The carnage in Mali is spreading rapidly as Islamist militants seized a natural gas field partly owned by BP in bordering Algeria Wednesay, killing two and reportedly taking an additional 41 hostage, including seven Americans.
The Katibat Moulathamine, or "Masked Brigade," has claimed credit for the attack through one of its subsidiaries, a group dramatically dubbed "Those Who Signed in Blood." It said the onslaught was retribution for Algeria's support of France's recent and ongoing operation against Al Qaeda-linked Malian insurgents.
AP reports that the attack began with the ambush of a bus carrying employees from the gas plant to a nearby airport. Although the attackers were thwarted, the terrorists regrouped, heading the complex's living quarters where they eventually took their hostages.
"After their failed attempt, the terrorist group headed to the complex's living quarters and took a number of workers with foreign nationalities hostage," said a statement from the Algerian government.
In a statement of its own, BP said the gas field was "attacked and occupied by a group of unidentified armed people," and that members of its personnel are believed to be "held by the occupiers."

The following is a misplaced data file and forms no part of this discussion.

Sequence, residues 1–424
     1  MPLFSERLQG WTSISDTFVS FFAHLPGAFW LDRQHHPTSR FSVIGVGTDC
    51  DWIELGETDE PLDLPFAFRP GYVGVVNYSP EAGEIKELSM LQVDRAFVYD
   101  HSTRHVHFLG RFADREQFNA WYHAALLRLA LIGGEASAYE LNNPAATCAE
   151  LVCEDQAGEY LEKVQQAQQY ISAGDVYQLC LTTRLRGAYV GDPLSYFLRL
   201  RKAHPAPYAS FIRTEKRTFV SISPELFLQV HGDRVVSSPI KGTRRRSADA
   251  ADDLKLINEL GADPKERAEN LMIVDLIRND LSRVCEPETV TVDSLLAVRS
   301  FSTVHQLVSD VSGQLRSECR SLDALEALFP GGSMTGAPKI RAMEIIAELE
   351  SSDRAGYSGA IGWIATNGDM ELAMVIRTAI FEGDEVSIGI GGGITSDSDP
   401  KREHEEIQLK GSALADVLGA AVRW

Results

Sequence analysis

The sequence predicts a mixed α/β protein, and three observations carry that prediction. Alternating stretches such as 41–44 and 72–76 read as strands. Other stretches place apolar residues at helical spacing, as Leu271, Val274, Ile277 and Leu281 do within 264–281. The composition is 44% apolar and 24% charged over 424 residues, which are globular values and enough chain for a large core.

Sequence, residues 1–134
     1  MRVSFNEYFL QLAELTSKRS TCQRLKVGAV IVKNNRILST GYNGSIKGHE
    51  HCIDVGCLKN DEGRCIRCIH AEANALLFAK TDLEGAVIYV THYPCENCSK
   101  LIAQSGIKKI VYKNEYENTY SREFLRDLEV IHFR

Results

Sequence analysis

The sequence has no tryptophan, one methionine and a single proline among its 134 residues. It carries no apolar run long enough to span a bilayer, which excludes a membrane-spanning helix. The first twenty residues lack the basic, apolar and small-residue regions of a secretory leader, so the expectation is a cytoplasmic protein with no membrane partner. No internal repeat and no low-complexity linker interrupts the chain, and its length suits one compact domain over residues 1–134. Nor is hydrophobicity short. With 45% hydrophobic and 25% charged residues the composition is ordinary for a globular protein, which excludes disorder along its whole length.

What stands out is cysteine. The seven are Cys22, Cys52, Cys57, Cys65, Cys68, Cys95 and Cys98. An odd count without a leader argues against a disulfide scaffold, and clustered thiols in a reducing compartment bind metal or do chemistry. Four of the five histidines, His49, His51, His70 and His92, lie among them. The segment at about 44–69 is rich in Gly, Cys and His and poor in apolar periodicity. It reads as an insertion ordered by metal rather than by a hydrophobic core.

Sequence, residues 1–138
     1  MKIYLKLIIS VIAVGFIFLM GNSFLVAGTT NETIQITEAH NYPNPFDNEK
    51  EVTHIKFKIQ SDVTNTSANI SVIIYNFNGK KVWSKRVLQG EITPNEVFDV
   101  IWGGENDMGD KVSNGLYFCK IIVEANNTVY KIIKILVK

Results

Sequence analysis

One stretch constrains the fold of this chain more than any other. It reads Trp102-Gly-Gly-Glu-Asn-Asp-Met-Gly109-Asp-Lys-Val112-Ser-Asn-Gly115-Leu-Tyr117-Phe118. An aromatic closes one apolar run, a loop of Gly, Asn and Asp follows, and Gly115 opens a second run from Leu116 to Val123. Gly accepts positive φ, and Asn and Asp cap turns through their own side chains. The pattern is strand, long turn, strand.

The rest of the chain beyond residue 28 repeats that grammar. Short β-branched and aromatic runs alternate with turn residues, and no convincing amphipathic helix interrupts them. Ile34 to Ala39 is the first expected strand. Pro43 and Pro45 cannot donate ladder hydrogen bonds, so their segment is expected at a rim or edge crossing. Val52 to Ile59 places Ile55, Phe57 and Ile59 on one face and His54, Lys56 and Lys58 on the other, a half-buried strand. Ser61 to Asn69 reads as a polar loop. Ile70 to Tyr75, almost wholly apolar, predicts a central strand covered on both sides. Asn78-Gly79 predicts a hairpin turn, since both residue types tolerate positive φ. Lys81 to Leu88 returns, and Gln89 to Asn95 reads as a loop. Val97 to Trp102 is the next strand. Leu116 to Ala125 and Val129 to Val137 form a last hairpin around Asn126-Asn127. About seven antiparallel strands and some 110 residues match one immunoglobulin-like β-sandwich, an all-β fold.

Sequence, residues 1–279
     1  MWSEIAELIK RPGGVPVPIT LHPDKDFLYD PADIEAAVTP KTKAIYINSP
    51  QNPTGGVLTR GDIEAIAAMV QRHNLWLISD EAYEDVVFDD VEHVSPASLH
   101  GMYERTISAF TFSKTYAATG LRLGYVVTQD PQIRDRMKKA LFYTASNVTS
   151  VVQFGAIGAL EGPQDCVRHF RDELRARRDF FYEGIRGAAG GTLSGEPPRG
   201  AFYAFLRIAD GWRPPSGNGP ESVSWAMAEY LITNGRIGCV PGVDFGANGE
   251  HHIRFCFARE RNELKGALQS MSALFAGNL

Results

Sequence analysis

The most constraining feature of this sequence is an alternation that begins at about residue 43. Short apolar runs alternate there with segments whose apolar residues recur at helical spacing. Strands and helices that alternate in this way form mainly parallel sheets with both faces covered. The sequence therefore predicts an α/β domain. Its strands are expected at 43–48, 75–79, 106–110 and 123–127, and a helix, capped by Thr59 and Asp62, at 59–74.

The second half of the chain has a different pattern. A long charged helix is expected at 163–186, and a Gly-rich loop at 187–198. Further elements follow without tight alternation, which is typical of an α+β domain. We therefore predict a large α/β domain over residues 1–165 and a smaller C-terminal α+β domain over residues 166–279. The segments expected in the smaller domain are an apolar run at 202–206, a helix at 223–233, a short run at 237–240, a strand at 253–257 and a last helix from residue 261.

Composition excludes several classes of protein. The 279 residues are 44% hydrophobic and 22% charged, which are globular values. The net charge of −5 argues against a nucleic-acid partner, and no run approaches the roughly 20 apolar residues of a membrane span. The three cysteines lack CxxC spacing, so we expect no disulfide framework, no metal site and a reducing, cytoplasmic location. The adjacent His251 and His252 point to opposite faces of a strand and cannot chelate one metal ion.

While the number and identities of the hostages remains unclear, it is reported that they comprise at least ten different nationalities. According to the AP, Ireland just announced that a 36-year-old married Irish man was among those kidnapped, while Japan and Britain said their citizens have been taken as well. A Norwegian woman said that her husband called to tell her he had been taken hostage.
One of the two hostages killed is confirmed to have been British while the identity of the other casualty remains unknown. U.S. officials claim they do not believe that any American has been killed in the attack.
BP's natural gas field, which is jointly operated with Norway's Statoil and the Algerian state oil company, Sonatrach, is more than 600 miles from the Mali border, and just 60 miles from Libya's deserts. A Japanese company, JGC Corp, provides services for the outpost as well, according to AP.
Japanese Chief Cabinet Secretary Yoshihide Suga said the kidnapped foreigners likely include Japanese employees of JGC.
"We are certain that JGC is the one affected," Suga said, adding that the government is now negotiating with local officials through diplomatic channels, asking to protect the lives of the Japanese nationals.
AP reports that Algerian forces surrounded the militants and were negotiating for the release of the hostages, but no additional information has been revealed.
Over the weekend French President Francois Hollande launched a surprise series of air strikes in his country's former West African colony, hoping to tamp down al Qaeda-linked insurgents in the region.
Algeria has been leery of escalated military action against Mali insurgents fearing this very type of vengeance would ensue. Despite Algeria's strained relationship with France due to a long history of colonialism, the North African country supports France in its efforts to purge the region of Islamic militants.